It was sunny when I finished the Boston Marathon. I stopped my watch and walked, congratulating runners around me. After a few yards, I saw one of my running role models being interviewed by TV. It meant I, a 39-year-old amateur, had finished the race just behind Joan Benoit Samuelson,
two-time Boston Marathon winner (1979 and 1983) and first female marathon runner to win an Olympic gold medal (1984). Now 55, the marathon legend is still very fast. I was overwhelmed.
“She’s my hero, my inspiration!” I told one the photographers at the back of the media crew surrounding her.
About an hour later, none of this mattered. Two bombs killed three people, including an 8-year-old boy, and injured more than 260 who came to support runners at the finish line.
A week later, I still struggle with guilt when I think about the race. The mere thought of running a marathon, let alone being proud of a personal record and brush with a running celebrity, feels selfish and inappropriate.
For months, I had conditioned my body and my mind toward a single goal, making every detail of the preparation disproportionately important. Looking back at that morning of April 15, all of those details seem pointless.
Consider my main concerns as I woke up at 5:30 a.m.: I dreaded about being cold while waiting for the 10 a.m. start. I agonized over what kind of arm sleeves I would wear. I fretted that my watch, which had been malfunctioning, would stop working altogether. I reflected on my goals for the race, my fourth Boston Marathon, visualizing each portion of the now-familiar course. I would try to run the first half in 1h27, a pace of 6:38 a mile (14.6 km/h), leaving me just under 1h33 for the second half to cover 26.2 miles (42.2 kilometers) under three hours
. The plan was ambitious — I had broken three hours only once, a 2h59m19 in New York in 2011 — but still within reach since my record in Boston was 3h01.
As I walked to the school buses that would take me to the start, a bottle of water mixed with Nuun — a self-dissolving electrolyte tab — exploded in my bag. All of the bag’s contents got drenched, including the throw-away clothes that would have kept me warm before the race. I panicked. How absurd it now sounds.
This year my qualifying time meant that I was closer to the front runners in the corrals that help stagger the 23,000 runners’ start in Hopkinton, Massachusetts. I warmed up amid runners — mostly men — with numbers in the 1,000s. (Mine was 2,985: in Boston, the fastest your qualifying time, the lower the number.) I remembered the words from my husband and mental coach (“Don’t let it get to your head”). There was no risk: I didn’t seriously think I belonged. I was just a tourist.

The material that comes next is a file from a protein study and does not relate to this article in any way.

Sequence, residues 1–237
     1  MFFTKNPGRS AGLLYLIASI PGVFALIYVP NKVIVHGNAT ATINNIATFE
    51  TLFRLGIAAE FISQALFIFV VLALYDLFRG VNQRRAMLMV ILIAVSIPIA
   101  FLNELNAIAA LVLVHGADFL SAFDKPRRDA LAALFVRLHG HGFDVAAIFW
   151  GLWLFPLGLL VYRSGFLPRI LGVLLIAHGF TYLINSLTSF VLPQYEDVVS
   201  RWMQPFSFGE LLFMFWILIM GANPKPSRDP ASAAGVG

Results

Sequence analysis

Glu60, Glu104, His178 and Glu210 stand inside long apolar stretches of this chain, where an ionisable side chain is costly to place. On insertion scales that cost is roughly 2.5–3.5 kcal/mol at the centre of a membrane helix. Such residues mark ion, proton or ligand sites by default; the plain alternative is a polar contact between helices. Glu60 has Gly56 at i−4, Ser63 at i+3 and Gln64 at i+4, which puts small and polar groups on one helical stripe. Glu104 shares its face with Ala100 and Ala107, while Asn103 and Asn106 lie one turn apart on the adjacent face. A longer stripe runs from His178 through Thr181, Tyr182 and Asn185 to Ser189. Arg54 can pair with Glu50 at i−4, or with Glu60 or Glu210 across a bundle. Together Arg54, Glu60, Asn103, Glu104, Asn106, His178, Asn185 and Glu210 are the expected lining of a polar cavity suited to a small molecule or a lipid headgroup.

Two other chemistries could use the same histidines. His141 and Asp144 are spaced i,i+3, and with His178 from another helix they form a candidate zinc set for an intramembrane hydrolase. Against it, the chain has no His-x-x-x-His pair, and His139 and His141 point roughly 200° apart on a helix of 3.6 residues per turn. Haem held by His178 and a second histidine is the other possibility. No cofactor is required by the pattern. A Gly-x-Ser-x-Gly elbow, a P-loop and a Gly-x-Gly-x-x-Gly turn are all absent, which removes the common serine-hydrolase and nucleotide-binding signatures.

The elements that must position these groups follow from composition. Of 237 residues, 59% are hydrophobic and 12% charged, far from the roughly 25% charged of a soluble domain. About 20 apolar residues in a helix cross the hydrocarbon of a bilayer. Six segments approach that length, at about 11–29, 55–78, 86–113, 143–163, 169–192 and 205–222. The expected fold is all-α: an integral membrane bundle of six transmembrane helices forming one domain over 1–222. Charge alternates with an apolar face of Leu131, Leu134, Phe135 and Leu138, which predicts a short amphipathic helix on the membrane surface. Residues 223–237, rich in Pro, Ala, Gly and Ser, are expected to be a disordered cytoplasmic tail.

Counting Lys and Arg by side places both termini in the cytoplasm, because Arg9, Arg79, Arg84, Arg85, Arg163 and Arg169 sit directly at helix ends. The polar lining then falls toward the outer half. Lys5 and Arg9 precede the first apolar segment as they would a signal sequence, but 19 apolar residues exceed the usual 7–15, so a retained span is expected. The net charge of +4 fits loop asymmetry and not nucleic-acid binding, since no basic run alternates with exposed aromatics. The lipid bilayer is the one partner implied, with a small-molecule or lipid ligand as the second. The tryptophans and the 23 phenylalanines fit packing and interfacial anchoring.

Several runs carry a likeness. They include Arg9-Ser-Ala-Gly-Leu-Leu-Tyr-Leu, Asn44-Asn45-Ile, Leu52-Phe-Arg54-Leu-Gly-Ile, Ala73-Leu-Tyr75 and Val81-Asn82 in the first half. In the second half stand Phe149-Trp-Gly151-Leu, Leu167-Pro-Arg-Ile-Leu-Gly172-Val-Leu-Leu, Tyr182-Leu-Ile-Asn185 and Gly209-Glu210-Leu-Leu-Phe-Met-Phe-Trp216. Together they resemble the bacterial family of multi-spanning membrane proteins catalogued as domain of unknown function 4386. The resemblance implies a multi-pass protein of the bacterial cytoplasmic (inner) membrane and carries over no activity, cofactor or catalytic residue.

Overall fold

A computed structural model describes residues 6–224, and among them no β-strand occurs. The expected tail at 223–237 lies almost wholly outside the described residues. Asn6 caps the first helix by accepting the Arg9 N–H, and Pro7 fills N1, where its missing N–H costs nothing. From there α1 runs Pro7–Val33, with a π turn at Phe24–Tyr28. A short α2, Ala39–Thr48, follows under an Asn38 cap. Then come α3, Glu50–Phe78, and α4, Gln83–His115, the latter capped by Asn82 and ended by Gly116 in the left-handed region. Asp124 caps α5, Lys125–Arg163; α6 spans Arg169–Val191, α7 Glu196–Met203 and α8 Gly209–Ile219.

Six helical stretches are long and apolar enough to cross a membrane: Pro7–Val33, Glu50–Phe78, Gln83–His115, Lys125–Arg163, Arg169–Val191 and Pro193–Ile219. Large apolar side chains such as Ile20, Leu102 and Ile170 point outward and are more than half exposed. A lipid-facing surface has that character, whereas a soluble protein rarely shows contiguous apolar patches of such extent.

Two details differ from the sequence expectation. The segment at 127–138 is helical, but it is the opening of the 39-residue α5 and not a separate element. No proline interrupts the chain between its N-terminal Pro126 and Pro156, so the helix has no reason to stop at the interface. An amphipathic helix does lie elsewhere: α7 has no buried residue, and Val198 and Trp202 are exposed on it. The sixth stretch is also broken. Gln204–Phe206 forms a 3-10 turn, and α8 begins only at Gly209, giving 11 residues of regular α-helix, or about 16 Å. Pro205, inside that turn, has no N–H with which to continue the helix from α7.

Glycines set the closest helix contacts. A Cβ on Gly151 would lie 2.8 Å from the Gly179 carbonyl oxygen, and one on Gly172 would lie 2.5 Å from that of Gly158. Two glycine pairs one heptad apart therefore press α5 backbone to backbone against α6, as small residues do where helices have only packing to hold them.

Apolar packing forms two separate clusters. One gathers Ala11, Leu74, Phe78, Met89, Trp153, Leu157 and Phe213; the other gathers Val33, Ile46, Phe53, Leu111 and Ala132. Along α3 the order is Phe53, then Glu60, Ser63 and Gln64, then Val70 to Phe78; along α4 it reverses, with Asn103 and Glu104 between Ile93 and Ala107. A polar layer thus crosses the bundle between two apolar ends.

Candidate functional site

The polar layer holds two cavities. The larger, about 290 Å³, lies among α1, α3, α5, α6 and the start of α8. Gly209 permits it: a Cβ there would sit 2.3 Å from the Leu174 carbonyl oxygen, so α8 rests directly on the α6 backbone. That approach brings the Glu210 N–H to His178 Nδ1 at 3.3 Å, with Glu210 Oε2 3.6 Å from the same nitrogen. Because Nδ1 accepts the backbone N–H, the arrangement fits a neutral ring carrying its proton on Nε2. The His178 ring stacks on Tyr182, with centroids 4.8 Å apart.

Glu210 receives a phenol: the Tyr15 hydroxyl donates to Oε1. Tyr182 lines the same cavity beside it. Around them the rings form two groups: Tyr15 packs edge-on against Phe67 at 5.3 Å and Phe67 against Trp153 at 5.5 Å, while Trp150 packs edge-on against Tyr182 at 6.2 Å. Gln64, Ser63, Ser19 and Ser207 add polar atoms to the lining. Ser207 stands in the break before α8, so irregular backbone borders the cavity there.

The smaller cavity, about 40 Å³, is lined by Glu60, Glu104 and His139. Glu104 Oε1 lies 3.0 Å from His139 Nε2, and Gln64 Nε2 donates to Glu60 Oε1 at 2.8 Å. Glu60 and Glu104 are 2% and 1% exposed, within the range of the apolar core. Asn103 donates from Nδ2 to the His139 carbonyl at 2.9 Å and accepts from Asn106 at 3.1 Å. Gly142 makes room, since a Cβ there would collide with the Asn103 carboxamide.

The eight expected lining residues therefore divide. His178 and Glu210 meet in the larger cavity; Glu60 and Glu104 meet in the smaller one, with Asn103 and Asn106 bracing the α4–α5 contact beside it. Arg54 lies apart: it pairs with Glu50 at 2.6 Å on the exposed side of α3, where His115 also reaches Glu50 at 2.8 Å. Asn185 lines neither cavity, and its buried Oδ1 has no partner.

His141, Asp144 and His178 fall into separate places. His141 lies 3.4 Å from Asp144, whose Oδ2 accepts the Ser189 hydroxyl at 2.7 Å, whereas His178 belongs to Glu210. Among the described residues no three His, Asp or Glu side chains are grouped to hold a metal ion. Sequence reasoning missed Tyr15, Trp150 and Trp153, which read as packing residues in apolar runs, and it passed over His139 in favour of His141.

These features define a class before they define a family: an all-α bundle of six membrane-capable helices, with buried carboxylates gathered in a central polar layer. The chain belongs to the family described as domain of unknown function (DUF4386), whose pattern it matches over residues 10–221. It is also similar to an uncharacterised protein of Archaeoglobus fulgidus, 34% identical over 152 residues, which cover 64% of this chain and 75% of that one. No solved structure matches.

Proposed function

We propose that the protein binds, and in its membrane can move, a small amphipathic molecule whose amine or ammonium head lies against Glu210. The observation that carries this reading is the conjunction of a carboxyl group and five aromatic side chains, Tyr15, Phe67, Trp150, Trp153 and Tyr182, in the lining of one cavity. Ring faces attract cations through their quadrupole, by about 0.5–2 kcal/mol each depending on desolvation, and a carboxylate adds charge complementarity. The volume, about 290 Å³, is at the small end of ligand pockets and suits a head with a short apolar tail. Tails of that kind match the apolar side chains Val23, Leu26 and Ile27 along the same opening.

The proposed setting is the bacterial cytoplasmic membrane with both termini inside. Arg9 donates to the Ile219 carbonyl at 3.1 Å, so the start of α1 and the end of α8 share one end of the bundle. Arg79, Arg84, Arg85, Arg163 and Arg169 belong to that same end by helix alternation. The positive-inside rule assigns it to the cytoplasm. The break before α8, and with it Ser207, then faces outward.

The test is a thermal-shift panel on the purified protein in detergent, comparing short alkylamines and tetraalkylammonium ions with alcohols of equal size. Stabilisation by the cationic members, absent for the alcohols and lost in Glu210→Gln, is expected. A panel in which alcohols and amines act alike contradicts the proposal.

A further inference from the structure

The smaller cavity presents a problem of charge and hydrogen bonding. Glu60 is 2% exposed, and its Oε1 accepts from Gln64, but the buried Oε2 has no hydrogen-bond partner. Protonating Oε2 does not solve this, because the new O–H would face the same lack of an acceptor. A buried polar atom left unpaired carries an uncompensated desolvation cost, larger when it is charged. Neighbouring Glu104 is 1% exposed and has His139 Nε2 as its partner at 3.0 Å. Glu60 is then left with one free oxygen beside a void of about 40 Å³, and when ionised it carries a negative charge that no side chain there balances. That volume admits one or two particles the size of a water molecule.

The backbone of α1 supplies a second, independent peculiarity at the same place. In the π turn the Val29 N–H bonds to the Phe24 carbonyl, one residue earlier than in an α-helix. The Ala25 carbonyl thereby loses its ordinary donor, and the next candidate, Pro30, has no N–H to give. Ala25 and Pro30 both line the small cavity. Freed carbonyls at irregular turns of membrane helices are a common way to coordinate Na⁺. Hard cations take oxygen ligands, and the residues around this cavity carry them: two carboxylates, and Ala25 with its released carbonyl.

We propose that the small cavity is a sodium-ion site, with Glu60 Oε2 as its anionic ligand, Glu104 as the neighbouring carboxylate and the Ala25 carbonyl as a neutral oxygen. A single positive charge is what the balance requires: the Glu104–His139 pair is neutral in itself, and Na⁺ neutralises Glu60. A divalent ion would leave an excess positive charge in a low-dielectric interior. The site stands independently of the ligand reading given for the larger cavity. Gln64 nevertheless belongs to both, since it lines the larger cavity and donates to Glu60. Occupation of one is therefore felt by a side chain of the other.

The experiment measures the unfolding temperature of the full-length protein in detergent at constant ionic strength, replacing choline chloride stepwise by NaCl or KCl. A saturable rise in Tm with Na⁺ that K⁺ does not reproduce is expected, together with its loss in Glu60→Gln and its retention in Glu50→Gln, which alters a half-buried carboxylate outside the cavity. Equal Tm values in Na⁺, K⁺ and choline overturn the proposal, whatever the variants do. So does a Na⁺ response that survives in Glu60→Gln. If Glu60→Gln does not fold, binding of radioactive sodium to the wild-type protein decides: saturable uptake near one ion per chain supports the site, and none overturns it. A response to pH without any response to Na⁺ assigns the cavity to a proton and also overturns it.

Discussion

|Feeling like a tourist among triple-digit bib numbers
I started faster than my goal, and probably paid for it with side stitches about 5 miles into the race. Stitches are new to me: They appeared during training this year and even forced me to walk during a session of speed work — a first. But I decided to stick with my pace of about 6:30 a mile: I was now in the race and had to give everything I could. The people of Boston, as always, carried me in moments when I contemplated quitting: the crowds cheering the U.S.’s oldest marathon, in its 117th edition this year, are like professional supporters. A lot of them have more experience cheering than we have running in Boston. That makes the attack on a group that was out for others even more heart-breaking.
I passed the half mark in a time matching my personal best on the distance
, 1h25m47, knowing that I had yet to make my biggest effort. I always tell novices that the Boston marathon starts mile 16 with the first of a series of hills. But once again, I was wrong. The hills weren’t the hardest part for me — I had trained for them. The last 5 miles of downhill following the hills were the most grueling.
|The face of grueling pace
It’s hard to describe the amount of pain I inflicted on myself as I pushed through: Everybody’s threshold is different. One sign that I started to reach my limits is that I got confused about my pace. The numbers on my watch weren’t adding up in my head anymore. I felt a new sensation in my legs — they were giving way — but I wasn’t clear-headed enough to recognize it as a possible sign of lack of fuel. I had forgotten to take a last gel and drink Gatorade for a boost of sugar in the last miles, as I usually do.
Five miles for a trained runner is easy. But for a runner in pain and distress, it’s more than half an hour of digging into resources that may not be there. I was slowing down, not sure I could make it. My pace dropped to about 6:50 a mile in the last 3 miles, and about 7 minutes in the last mile. No matter how hard I tried to keep the pace, my marshmallow legs weren’t responding: my torso was getting ahead of them.
The crowd at the finish line, in wild screams, transported me. I crossed the line in 2h54m21, surrounded by cheers that would turn to terror an hour later.
I was 55 minutes faster than at my first marathon 11 years ago in Paris, and 67th woman overall. Ten women 39 or older ran faster than I did, all but one in their early forties. The exception was Joan Benoit Samuelson, 4 minutes ahead of me. I like to pour over numbers and statistics because I can handle facts. I can’t handle emotion. All I feel about my race is: so what?